Letters to the Editor


Dear Editor,

I came back from a modest shopping trip yesterday and two experiences made me understand that I have to not pay attention and get frustrated re the irksome downloading of the responsibility for climate change on to consumers’ individual shoulders.

If the huge conglomerates who manufacture, package, enrobe, produce goods, or sell stuff in the mega quantities do not change their outputs, how can I, the individual consumer, reduce my footprint?

As a household, we do what we can and what we can afford.

I went to buy a bit of meat, fruit, vegetables, and a few other items. Once home, the packaging of some items defied my strength to easily open. That led to a whole series of why’s.

Perhaps many of these were because I had shopped in a mega super market? Why was I wrestling to open the salad plastic container and failing? Why are dill pickles encased in a plastic container that entails using implements such as knives, scissors, and finally pliers to take the top off the container? This container is also non compostable, non biodegradable, and the company took it upon themselves to say it was reusable.

Sounds good…reusable, doesn’t it? But how many reusable such trays are in fact needed by one customer!? And for a similar cost, could the container be easy to open and biodegradable?

Why is meat in the supermarket in non-recyclable-non-biodegradable styrofoam trays?

Why is such strong plastic used to encase so many products? Why is it so hard to find “unscented” cleaning and other stuff, when, more and more, the public spaces are signed “no scents allowed”?

Why are grapes in heavy plastic ziplock non-compostable bags, pre-filled with more grapes than two people need? And many other why’s…..

Having wrestled my purchases into submission, I decided to watch a favourite program and to relax.

A Government announcement caught my attention during a break.

Each person must be careful to reduce, or watch, or to take care of the size of their carbon footprint, was the gist of the message. Well, why are these announcements not accompanied by information on what the government has achieved in reductions to this point, since the start of their mandate?

Why are governments of all levels not urgently coordinating their efforts to put forward STANDARDS to advance the day so I, the consumer, can achieve a carbon neutral footprint in going about my daily life?

BUT, MORE IMPORTANTLY, why are not more manufacturers and purveyors of products not more vigorously proactive in changing their products to be more “carbon neutral”, more healthy, more environmentally friendly, less encased in packaging that goes to landfill? Why should they? Because they, too, should care about the health of our Earth!

There are costs to any change. But to change, shouldn’t there be substitutes available? But perhaps the consumer’s duty is to NOT CONSUME, if possible, whatever it is that has been declared by the experts to be less than optimum for health, safety, economy, or efficacy? However, perhaps not always practical?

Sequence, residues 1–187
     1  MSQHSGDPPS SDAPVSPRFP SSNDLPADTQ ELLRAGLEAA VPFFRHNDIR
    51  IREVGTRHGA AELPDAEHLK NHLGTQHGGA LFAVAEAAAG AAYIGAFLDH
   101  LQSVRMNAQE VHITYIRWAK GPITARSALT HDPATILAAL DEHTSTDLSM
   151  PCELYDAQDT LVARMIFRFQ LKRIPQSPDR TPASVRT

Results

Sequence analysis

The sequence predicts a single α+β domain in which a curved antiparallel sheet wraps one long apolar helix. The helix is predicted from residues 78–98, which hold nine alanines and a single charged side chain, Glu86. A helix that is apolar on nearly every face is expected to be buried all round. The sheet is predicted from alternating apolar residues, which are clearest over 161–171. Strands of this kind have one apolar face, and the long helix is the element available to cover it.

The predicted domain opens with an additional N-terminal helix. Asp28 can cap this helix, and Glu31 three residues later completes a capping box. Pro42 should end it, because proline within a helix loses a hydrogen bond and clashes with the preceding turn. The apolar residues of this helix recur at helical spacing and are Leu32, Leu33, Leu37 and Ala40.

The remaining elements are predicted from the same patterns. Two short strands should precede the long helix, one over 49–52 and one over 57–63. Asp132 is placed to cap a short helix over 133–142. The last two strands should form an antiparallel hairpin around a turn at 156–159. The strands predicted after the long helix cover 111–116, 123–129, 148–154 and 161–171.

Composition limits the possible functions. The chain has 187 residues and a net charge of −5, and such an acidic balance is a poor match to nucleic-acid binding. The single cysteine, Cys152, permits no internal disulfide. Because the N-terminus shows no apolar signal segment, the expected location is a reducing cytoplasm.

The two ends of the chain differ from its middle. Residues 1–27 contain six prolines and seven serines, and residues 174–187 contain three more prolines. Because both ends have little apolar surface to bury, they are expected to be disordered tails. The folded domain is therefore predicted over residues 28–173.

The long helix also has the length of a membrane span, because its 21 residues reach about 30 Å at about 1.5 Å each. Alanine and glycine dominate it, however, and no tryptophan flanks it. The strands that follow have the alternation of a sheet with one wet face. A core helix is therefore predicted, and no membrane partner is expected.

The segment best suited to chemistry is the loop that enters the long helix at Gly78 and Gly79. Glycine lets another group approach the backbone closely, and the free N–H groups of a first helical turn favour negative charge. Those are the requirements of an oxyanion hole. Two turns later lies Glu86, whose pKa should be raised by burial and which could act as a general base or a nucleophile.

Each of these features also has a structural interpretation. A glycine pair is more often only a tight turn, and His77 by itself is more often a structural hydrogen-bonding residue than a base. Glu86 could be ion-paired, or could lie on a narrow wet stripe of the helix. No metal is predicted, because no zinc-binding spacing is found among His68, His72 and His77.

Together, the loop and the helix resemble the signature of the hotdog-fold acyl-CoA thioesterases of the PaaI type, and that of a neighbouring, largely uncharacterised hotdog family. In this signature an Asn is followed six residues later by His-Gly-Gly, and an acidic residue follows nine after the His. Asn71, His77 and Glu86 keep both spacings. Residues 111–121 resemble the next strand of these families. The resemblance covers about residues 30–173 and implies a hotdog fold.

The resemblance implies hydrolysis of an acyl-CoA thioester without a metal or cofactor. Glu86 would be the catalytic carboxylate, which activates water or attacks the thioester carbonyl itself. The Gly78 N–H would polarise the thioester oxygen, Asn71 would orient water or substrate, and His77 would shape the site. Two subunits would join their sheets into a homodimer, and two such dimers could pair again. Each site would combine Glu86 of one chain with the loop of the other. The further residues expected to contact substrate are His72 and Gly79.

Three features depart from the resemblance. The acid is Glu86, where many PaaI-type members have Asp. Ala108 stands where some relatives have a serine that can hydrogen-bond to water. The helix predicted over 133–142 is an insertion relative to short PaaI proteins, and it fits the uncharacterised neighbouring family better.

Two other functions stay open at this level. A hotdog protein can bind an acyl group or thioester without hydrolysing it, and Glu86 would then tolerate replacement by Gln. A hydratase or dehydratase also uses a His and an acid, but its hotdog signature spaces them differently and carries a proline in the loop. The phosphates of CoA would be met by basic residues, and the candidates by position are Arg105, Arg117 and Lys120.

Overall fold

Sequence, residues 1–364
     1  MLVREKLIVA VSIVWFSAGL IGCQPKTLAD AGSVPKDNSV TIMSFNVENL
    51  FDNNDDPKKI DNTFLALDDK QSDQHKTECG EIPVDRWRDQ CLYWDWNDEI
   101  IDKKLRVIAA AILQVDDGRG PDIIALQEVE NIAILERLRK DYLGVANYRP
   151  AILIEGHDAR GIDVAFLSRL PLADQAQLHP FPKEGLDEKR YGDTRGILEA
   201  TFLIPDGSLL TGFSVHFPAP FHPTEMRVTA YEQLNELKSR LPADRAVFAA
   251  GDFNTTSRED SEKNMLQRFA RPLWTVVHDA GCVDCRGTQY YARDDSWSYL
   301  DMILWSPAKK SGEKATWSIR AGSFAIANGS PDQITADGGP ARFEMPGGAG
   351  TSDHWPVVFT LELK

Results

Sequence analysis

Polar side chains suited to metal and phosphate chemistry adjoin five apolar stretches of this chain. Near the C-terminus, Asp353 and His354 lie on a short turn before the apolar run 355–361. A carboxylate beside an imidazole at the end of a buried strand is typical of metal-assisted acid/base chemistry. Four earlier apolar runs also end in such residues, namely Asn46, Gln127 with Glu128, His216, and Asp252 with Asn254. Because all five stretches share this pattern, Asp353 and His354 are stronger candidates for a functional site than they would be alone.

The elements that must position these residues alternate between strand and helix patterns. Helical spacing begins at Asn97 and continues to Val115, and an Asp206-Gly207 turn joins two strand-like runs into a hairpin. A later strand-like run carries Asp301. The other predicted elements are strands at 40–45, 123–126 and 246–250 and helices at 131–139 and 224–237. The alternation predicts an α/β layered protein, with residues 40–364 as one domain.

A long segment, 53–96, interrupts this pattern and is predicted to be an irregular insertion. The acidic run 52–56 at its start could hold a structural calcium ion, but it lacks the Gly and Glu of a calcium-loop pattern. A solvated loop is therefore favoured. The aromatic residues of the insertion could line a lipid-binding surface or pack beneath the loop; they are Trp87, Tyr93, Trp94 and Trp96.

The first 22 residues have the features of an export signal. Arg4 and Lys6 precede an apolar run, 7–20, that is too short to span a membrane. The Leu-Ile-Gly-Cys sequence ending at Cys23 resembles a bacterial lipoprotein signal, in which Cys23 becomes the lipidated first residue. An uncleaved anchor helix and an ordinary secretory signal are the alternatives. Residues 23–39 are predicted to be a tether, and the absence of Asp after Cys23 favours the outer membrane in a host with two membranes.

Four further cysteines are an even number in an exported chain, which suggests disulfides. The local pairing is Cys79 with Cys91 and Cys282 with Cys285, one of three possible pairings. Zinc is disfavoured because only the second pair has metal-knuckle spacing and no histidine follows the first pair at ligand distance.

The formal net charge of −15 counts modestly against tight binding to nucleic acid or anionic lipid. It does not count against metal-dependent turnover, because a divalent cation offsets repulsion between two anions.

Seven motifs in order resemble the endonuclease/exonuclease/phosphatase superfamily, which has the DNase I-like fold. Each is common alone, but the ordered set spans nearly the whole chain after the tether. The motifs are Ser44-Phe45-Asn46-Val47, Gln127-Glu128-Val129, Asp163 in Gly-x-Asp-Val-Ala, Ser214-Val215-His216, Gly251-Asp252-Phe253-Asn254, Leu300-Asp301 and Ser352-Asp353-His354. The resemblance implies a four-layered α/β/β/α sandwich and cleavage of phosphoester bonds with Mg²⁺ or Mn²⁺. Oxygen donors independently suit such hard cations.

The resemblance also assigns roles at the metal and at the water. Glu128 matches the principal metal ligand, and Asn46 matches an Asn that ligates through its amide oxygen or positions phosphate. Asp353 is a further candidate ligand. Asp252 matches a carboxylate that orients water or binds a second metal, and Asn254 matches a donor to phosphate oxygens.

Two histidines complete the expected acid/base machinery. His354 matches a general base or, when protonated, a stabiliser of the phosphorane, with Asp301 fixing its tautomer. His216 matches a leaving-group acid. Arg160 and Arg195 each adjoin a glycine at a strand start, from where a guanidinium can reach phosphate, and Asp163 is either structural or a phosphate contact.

Consumers, otherwise known as Customers, have a great deal of power to drive change by their choices. In many instances they have.

We do know the oceans are in trouble due to plastic fill, etc. We do know species are disappearing. We do know space around Earth is full of junk. We do know that without farmland we cannot grow food. And there are so many other things we know regarding what needs urgent action.

Now we need to act individually and to push for governments and industries to ACT for the next era. Hopefully, it is a change from the plastic to the biodegradable era? The ONUS is not on one area, it needs to be an across the board revolution!

Where will the leadership come from? I am frustrated by announcements regarding 2030 or 2050! Now?

Rather than a general defining of climate change as the driver of urgency, the issue is more stark if the endangered are articulated! If the birds in the air, the fish in the oceans and waters, the animals and mammals, the air and the water, and the land for growing food: all are compromised.

Is there time to change to a new manufacturer and consumer? Will the Earth be helped by us in enough time, so elephants and dolphins and monarch butterflies, and fireflies and many other wonders will go on?

As you see, dear Editor, this thinking has been simmering a long time. I never thought styrofoam would crystallize it in such a way.

Thank you.
Best wishes,
Nadia Gray


Dear Editor,

I’ll be honest, I’m scared.

It’s only mid July and Canada is already on track for one of the worst wildfire seasons in history. And, that’s saying nothing about floods, drought and other impacts of the extreme heat we’re seeing this summer.

I’m scared not just because climate change is clearly here, but because our government isn’t acting at the pace and scale we need to meet this crisis head on. If Justin Trudeau was serious about tackling the climate crisis, he would be acting decisively right now to put out this proverbial fire by stopping fossil fuel expansion and passing a Just Transition into law.

Canada’s fossil industry is our largest source of emissions, but our government continues to support their expansion. And, they aren’t supporting workers. In his 2019 campaign, Trudeau promised to pass a Just Transition Act, but with another election on the horizon, nothing has happened.

We deserve better. It’s been more than two years since our government declared a climate emergency, it’s past time they started acting like it.

Steve Gabell


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